The District is poised to spend at least $35,000 to respond to a "confidential, informal inquiry" from the Securities and Exchange Commission, which opened a probe in October into disclosures surrounding sales of the city's municipal bonds.
According to billing records obtained by The Washington Examiner under the Freedom of Information Act, the District spent $25,812.50 for nearly 74 hours of legal work tied to the investigation late last year.
In April, the District received a bill for another $9,362.50 in counsel from Stanley Sporkin, a retired federal judge who was a top SEC official for much of the 1970s. The city has not yet resolved that invoice.
The office of D.C. Chief Financial Officer Natwar Gandhi, which is responding to the SEC's queries on behalf on the city, declined to discuss the status of the investigation and declined to release most correspondence between the District and federal regulators.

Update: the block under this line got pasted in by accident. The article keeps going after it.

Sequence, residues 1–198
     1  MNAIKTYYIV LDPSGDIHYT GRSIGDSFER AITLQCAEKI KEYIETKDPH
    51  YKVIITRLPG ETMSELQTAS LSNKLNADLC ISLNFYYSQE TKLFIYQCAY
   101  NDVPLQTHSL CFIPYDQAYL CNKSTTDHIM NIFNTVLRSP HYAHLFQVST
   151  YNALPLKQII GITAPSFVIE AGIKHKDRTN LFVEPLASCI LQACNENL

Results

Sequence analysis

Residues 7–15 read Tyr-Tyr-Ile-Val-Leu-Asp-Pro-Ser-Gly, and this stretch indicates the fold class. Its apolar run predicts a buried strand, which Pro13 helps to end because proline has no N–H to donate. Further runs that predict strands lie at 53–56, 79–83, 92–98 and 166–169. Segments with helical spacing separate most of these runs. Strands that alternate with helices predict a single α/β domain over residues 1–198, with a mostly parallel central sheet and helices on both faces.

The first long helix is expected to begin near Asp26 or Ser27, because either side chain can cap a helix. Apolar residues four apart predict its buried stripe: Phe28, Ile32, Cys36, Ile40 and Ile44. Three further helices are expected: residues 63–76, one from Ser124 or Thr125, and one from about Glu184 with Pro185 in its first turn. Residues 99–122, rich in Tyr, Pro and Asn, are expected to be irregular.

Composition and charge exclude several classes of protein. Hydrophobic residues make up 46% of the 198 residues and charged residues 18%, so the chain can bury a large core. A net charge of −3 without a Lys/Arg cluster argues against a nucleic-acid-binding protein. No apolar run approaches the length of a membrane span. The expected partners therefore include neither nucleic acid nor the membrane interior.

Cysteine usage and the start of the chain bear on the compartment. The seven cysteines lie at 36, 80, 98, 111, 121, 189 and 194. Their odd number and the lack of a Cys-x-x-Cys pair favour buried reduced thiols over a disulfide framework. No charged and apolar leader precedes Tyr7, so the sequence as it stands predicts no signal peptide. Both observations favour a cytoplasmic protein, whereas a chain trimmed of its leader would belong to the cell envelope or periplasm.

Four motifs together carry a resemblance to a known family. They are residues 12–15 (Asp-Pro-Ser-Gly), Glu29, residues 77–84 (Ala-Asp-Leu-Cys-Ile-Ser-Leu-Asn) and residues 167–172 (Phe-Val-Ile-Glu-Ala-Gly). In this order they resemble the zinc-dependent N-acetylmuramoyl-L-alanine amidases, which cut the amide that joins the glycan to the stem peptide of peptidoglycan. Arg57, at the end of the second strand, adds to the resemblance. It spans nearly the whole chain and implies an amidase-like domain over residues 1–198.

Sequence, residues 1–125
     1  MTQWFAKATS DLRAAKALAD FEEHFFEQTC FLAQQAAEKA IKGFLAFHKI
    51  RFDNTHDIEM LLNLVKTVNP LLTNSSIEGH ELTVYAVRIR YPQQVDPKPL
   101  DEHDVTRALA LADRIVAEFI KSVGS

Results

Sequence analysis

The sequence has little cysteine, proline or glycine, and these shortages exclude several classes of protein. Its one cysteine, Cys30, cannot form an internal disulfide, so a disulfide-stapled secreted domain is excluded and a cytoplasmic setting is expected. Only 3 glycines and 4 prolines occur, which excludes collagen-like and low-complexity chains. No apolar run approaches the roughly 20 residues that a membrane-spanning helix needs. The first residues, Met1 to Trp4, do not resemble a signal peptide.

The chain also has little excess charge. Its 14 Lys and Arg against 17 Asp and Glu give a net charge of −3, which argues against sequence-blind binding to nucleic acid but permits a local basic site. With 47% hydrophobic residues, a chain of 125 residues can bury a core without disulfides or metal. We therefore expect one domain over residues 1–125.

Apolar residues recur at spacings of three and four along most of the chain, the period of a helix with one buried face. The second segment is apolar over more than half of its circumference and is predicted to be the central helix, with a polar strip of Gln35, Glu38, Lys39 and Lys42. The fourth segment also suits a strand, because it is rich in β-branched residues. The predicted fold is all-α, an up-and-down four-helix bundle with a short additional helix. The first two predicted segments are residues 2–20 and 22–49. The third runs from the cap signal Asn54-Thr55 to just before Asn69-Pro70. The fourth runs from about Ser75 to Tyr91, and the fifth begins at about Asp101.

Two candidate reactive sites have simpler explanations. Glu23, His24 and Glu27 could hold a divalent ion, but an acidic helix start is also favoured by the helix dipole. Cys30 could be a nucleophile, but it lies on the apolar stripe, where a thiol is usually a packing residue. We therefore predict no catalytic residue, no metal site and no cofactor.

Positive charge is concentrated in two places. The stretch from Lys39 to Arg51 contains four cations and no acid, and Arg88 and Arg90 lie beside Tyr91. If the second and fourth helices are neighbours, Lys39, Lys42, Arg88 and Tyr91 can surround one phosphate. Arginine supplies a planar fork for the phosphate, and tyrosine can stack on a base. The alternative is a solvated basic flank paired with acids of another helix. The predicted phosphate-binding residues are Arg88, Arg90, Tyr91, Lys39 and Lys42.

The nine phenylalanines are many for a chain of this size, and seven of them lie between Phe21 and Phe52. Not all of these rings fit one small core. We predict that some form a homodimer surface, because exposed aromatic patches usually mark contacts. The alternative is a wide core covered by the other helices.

"Providing copies of the correspondence would interfere with the SEC confidential informal inquiry," Gandhi's office said in an email.
The SEC, which asked the District for "audits, inspections, reviews and investigations" conducted by Gandhi's internal watchdog, has declined to comment on the investigation.
The regulators began their review after a series of media reports revealed that Gandhi's office had not released audits that were critical of his agency.
The lack of disclosure infuriated lawmakers, who quickly passed legislation requiring Gandhi to post audits online, and prompted new questions about the CFO's stewardship of District finances.
But the SEC, in its letter informing the District of its inquiry, said that the examination "should not be construed as an indication by the commission or its staff that any violations of the law have occurred, nor should it be considered a reflection on any person, entity or security."
Ward 2 Councilman Jack Evans, a securities lawyer who is chairman of the D.C. Council Committee on Finance and Revenue, said he thought the District was getting a bargain for Sporkin's services.
"I think that's pretty low, so it doesn't sound like there's been a whole lot of activity on the SEC's part," Evans said, though he added that he would have preferred for the District to have avoided the impetus for the investigation.